During last week's Democratic candidates' debate, Bernie Sanders mentioned his proposal for campaign finance reform a number of times. Not only is it near the top of his reform agenda, but he sees the current campaign finance system as standing in the way of many other needed reforms. We have an economy rigged in favor of the wealthy, he says, and "sustaining that rigged economy is a corrupt campaign finance system undermining American democracy, where billionaire, Wall Street, corporate America can contribute unlimited sums of money into super PACs and into candidates.... [Y]ou're not going to accomplish what has to be done for working families and the middle class unless there is campaign finance reform." Changing the campaign finance system is the key to Sanders' "political revolution," which will empower millions of people to "stand up and fight back, demand that government ... represents us and not just a handful of campaign ... contributors."
So what, exactly, is his proposal? Given the rather unimpressive history of past campaign finance reforms, would it do any good if it passed? Sanders explains his campaign finance reform proposals in a detailed page on his website. These proposals include:
- A constitutional amendment overturning Citizens United (2010), which allowed unlimited spending by super PACs, and Buckley v. Valeo (1971), which famously categorized campaign spending as political speech and thus largely without limits.
- Barring that, appointing Supreme Court justices who would work to overturn Citizen United.
- Passing something along the lines of the Fair Elections Now Act, which would provide public funding for candidates who are able to meet a modest level of private fundraising.
Some of these goals are more achievable than others. Passing a constitutional amendment is incredibly difficult—it's hard to see something like what he outlined above passing in three-quarters of state legislatures, no less winning a supermajority in the current Congress. A president could, of course, appoint justices who oppose Citizens United. But that's obviously a slow path to reform. Vacancies occur infrequently, and the Supreme Court must wait for cases to come to it before it can rule.
The real nugget of Sanders' reforms is the Fair Elections Now Act, and it's not a bad proposal. It's certainly more thoughtful than previous campaign finance efforts that simply sought to put caps on how much people could donate to candidates or parties. What FENA does is set a modest threshold for candidate fundraising to demonstrate their viability. For example, candidates for the House of Representatives would need to raise $50,000 across at least 1,500 donors.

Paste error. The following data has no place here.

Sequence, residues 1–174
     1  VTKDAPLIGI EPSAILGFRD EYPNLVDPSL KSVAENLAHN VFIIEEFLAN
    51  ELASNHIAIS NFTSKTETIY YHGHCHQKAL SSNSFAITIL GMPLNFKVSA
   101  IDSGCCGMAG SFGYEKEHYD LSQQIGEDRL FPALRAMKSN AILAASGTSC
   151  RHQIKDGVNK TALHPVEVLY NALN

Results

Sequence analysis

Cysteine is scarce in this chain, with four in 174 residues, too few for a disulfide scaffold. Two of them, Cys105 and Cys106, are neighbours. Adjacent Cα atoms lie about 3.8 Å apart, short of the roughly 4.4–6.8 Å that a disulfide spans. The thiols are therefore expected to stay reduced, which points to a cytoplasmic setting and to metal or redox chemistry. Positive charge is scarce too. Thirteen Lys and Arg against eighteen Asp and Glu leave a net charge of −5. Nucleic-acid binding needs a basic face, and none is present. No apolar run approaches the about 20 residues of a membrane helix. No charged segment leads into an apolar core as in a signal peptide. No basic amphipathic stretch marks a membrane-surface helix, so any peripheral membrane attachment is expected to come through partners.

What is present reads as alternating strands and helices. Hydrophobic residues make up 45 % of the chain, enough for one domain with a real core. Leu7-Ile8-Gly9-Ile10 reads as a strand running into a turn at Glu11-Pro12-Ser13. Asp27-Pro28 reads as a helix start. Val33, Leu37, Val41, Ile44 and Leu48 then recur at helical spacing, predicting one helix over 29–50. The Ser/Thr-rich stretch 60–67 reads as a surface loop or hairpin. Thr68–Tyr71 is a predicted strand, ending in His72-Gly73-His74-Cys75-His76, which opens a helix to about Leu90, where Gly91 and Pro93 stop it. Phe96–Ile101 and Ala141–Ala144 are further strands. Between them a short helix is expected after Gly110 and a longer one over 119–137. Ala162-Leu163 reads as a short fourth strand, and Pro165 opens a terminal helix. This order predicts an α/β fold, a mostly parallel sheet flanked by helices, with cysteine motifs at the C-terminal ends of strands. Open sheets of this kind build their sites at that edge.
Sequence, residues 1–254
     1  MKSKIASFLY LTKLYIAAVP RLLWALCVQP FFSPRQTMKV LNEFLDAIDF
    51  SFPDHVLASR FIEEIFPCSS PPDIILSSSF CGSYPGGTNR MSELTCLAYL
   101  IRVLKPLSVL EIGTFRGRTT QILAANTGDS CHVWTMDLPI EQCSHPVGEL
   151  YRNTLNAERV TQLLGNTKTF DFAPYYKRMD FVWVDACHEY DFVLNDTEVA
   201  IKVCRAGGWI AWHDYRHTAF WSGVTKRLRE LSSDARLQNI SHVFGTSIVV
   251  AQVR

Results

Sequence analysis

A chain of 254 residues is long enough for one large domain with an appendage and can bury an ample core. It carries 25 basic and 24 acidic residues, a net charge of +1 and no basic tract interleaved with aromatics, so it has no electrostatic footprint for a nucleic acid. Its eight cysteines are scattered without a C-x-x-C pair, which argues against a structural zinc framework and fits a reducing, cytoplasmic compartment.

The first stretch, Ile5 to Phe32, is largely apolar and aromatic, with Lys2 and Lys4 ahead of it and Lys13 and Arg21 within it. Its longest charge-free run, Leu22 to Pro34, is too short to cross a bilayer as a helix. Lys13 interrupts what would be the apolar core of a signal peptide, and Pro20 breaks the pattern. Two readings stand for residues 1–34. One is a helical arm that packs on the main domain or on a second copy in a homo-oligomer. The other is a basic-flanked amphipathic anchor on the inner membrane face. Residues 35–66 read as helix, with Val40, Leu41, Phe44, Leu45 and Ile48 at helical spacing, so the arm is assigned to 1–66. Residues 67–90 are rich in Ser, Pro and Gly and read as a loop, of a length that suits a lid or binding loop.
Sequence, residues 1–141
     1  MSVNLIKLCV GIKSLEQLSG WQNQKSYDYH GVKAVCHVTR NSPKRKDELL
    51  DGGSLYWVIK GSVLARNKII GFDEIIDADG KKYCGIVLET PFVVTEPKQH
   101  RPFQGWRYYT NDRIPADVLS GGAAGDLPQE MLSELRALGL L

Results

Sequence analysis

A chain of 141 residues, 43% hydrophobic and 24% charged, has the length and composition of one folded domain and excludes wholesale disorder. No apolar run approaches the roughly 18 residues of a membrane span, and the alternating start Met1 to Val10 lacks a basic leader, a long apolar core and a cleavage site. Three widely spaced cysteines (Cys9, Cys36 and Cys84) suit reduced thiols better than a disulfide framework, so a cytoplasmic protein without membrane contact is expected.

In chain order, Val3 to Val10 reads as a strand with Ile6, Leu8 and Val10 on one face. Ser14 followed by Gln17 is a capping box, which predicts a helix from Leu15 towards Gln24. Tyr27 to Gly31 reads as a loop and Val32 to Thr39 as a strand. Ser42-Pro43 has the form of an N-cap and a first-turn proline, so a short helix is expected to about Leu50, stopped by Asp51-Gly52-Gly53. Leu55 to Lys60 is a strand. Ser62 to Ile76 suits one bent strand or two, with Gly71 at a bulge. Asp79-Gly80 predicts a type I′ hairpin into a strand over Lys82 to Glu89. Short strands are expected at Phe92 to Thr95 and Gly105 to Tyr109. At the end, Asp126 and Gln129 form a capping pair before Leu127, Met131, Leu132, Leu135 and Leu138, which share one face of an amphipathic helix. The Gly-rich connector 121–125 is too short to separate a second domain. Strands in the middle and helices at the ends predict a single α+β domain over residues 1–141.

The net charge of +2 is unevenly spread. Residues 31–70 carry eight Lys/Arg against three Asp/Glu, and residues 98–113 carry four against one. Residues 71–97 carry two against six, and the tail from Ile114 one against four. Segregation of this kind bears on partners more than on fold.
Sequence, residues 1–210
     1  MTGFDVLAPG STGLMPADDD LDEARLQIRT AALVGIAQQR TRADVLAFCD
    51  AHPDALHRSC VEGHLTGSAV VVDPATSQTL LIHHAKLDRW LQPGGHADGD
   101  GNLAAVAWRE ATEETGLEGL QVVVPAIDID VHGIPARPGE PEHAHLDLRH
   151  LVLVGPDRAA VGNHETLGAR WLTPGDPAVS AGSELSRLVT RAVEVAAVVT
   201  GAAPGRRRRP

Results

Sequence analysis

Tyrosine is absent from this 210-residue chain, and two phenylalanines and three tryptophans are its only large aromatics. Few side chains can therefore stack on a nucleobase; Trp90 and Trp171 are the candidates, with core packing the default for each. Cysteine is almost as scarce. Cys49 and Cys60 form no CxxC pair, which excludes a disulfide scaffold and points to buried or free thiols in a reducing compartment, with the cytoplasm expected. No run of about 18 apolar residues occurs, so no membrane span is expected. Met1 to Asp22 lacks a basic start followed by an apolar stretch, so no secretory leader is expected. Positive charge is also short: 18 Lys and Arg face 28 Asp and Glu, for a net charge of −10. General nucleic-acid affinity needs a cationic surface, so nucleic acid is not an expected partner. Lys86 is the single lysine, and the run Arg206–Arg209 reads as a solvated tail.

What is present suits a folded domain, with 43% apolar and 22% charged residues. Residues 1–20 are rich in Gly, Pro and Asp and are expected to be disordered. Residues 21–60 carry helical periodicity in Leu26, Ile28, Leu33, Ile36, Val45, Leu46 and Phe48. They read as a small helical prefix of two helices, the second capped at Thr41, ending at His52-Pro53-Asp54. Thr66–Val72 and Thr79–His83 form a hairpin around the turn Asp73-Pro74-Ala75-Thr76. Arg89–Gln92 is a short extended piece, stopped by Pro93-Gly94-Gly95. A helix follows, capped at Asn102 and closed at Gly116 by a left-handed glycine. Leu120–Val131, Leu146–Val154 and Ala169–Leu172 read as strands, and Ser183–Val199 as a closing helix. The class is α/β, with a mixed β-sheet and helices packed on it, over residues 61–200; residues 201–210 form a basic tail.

If they meet this threshold, public financing would kick in. The government would provide the candidate with enough funding to run competitive primary and general election campaigns. If they wished to raise more money, they could do so in a way that magnifies the contributions of smaller donors. The government would give the candidate five times each private donation they'd received of $100 or less.
This is actually not a very radical proposal. Several states (Arizona, Connecticut, and Maine) have recently been using public financing in state legislative races. Some cities (including New York City) have been experimenting with small donor matching systems. And some of the results are encouraging, if not particularly dramatic. Small donor matching systems seem to make for a more diverse donor pool. Candidates who rely on public funding for their support spend less time fundraising and more time meeting with voters, which is nice. But it's not like such reforms have made the candidates more moderate or obviously less sympathetic to the concerns of major corporations.
It's also worth noting that small donors—the sorts of donors valorized by such reforms and generally believed to have purer souls than those who donate thousands at a single time—have their own agendas. Those who contribute small amounts tend to be more ideologically extreme than other donors. To the extent politicians would be more dependent upon them for election and re-election, such a reform could end up making government actually more dysfunctional.
That may be a legitimate price to pay, in some people's minds, if it empowers common folks against the interests of big corporations. But it's actually difficult to demonstrate that big corporations are able to get their way through campaign donations. For one thing, there are still lots of different donors on multiple sides of any issue. A politician thinking of voting one way to keep some set of corporate donors happy may quickly be angering another set of corporate donors with the same vote.
For another, it's still just really hard to find direct evidence that donations, even a lot of them, change the votes of politicians. To hear Sanders' supporters describe it, his money is pure and comes from his hundreds of thousands of supporters who want nothing more than a better future for the country, while Hillary Clinton is a shill for corporations and the military industrial complex, and her affiliated super PACs have corrupted her outlook. Isn't it interesting, then, that they voted identically 93 percent of the time they served in the Senate together? Is the hope that a complete re-structuring of the campaign finance system will make politicians seven percent less attuned to wealthy corporate interests?
The reform proposal at the core of Sanders' revolution is actually not that revolutionary, and it could actually do some good. But it's hard to see it dramatically re-structuring our electoral system, no less inducing other societal shifts. And it actually has some costs built into it, such as a potential increase in polarization. So certainly peruse and consider it, but don't expect it to bring about the revolution.